Category Archives: Reflections on Life

For Such a Time as This

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Growing up, I often dreamed of living in another time and place.  Some long to live in the future, fascinated by imagined and fantastic things that might someday become possible and common-place.  I, on the other hand, always felt like I was born too late, ill-fitted for life in the present age.  The quixotic past I envisioned living in was safer, slower, less technological and complex.

It’s easy, after all, to romanticize the imagined past and the dreams of the future when you don’t actually live in them.  It’s far harder is to live well within the messy and difficult realities of the present.

Many things make me want to live in the past, but the recent rapid rise of digital information technologies has been especially instrumental in increasing this nostalgic yearning.  The explosions of tech innovation and the accompanying breakneck pace of cultural and academic alterations in teaching have disoriented, dumbfounded, and discouraged me.  The methods and means of education are changing so rapidly, I wonder if I’ll be able to finish my career as a professor if I cannot quickly adapt to these relentless and radical technological transformations.

I frequently catch myself thinking, “Perhaps if I was born about fifteen years earlier, I would not have to worry about all these changes.  I would be approaching retirement and could let younger generations figure it all out.” But if my health and mind hold out, there could many years of teaching opportunities ahead.  God has been reminding me that like it or not, I will have to face these challenges in the here and now.  And when you really think about it, what other time do we have to live within but the actual present?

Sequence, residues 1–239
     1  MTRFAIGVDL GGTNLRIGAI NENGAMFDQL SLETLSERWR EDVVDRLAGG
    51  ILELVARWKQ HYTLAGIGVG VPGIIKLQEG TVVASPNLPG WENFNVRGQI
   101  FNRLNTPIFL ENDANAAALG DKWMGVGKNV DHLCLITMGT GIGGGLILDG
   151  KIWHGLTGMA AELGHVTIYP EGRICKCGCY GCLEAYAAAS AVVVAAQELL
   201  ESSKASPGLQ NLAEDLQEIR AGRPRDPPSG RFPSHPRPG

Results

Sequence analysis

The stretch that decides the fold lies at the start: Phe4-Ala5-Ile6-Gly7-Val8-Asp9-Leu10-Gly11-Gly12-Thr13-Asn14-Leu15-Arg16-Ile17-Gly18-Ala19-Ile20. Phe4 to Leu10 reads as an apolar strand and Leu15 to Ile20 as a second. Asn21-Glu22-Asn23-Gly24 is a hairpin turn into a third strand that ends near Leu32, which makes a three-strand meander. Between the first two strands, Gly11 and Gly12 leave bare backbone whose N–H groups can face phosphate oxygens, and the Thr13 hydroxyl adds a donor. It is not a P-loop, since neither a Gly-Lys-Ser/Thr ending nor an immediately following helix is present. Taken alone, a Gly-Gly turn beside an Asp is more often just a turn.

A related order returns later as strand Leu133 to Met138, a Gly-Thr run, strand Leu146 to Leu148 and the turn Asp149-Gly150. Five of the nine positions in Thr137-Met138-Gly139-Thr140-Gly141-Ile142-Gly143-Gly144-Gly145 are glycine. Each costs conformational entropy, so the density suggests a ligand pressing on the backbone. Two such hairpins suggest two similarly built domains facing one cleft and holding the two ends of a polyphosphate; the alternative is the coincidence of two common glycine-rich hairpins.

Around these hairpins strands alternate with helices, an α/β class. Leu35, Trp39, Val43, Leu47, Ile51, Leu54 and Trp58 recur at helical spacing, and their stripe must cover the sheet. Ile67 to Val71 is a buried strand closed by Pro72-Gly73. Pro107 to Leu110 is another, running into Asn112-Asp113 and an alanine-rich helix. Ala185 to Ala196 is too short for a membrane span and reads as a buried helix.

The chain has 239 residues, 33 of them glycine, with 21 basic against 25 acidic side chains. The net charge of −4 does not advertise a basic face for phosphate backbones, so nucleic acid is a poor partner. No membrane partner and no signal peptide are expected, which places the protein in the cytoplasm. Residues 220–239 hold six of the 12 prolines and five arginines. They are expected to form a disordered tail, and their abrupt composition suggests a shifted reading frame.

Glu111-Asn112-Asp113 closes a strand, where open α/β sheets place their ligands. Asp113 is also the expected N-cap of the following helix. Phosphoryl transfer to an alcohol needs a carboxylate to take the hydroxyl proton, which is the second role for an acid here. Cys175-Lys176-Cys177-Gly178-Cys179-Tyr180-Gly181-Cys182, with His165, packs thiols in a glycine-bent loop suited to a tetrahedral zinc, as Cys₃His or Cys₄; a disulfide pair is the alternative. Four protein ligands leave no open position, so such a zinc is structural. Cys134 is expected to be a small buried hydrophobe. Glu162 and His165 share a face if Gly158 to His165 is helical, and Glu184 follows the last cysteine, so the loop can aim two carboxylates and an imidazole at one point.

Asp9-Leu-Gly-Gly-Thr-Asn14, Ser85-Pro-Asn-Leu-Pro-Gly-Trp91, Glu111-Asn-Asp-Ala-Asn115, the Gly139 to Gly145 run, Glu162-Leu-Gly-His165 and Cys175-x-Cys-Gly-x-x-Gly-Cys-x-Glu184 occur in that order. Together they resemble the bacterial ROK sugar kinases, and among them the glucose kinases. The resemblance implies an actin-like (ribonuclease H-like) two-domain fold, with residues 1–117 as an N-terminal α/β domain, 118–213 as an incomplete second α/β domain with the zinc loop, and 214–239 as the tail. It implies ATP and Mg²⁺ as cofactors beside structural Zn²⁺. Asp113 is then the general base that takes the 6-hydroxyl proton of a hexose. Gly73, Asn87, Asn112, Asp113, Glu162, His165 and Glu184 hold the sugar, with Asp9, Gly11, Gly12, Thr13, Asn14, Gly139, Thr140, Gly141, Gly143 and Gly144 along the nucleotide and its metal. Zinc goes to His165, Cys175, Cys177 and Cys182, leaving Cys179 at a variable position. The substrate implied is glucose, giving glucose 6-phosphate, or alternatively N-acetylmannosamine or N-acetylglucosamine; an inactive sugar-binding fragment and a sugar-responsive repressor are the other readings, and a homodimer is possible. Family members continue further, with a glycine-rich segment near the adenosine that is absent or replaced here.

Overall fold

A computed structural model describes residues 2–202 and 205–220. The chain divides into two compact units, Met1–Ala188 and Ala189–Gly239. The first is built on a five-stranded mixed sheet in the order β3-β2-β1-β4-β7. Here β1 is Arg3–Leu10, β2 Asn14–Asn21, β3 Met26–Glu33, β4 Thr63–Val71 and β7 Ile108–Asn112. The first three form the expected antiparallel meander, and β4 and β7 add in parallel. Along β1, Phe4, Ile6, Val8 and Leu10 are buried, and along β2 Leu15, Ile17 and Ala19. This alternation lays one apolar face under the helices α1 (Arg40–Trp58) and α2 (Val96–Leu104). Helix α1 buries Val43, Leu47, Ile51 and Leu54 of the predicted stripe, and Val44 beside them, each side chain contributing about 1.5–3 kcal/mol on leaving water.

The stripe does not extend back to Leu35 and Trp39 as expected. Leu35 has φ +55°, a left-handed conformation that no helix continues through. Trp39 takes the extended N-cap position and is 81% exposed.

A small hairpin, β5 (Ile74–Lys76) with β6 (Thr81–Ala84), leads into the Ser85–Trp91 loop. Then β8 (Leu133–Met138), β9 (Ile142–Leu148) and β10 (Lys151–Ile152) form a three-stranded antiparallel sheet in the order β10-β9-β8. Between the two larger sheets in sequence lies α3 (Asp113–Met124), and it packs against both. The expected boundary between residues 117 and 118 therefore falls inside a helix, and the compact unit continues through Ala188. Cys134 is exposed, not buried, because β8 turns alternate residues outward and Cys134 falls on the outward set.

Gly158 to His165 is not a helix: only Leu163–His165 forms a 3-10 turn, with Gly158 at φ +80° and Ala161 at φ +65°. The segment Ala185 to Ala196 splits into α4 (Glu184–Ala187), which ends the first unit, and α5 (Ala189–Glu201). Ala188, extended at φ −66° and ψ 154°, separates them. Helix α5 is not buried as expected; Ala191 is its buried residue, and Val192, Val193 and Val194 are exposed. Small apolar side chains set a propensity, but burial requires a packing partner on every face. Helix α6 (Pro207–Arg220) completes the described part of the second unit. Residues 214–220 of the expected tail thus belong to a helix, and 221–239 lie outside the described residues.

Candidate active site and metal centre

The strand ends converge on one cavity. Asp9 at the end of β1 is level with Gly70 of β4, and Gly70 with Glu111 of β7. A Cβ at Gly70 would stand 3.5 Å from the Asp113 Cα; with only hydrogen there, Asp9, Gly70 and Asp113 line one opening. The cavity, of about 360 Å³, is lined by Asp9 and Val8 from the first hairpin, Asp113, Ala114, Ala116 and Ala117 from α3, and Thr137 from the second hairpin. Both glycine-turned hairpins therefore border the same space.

I suspect that many have wrestled with the longing to escape the difficulties of today by wanting to live in the future or the past.  And while we can certainly learn from the past and look to the future, God still calls us to live well in the present—the exact time and place in which He has chosen us to live and move and have our being.  As such, none of us were born too late or too early.

As Mordecai reminded Esther, we were born for such a time as this, created at just the right time for God’s sovereign plans to be revealed and fulfilled in and through us.  I doubt Esther wanted to risk her life to save her people from extermination, but it was the time and place in which God had positioned her.  That moment gave her the opportunity and responsibility to live well in the present. She accepted it with courage and used it wisely.

If we are willing to embrace with faith and joy the place and time in which God has positioned us, and if we are willing to live—really live—in that actual present, I suspect God will grant us many opportunities—big and small—that we alone are meant to accept and fulfill.  They may or may not be, like Esther, life-risking, nation-saving endeavors, but in the here and now of God’s purposes and plans they still matter immensely nonetheless.  May we therefore attend to and live well within the present prospects God grants us so long as it is still called today.

When Our Wildest Dreams Don’t Come True

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Sometimes there’s a fine line between wisdom and cynicism.

In 1985, I was at a Cru gathering called “Explo ’85” where I first got really excited about my Christian faith.  The conference was my first serious introduction to all the amazing things God was doing around the globe.  The rallying cry was, “Come help change the world!”  I was young, unencumbered, idealistic, and wanted to be a “world changer.”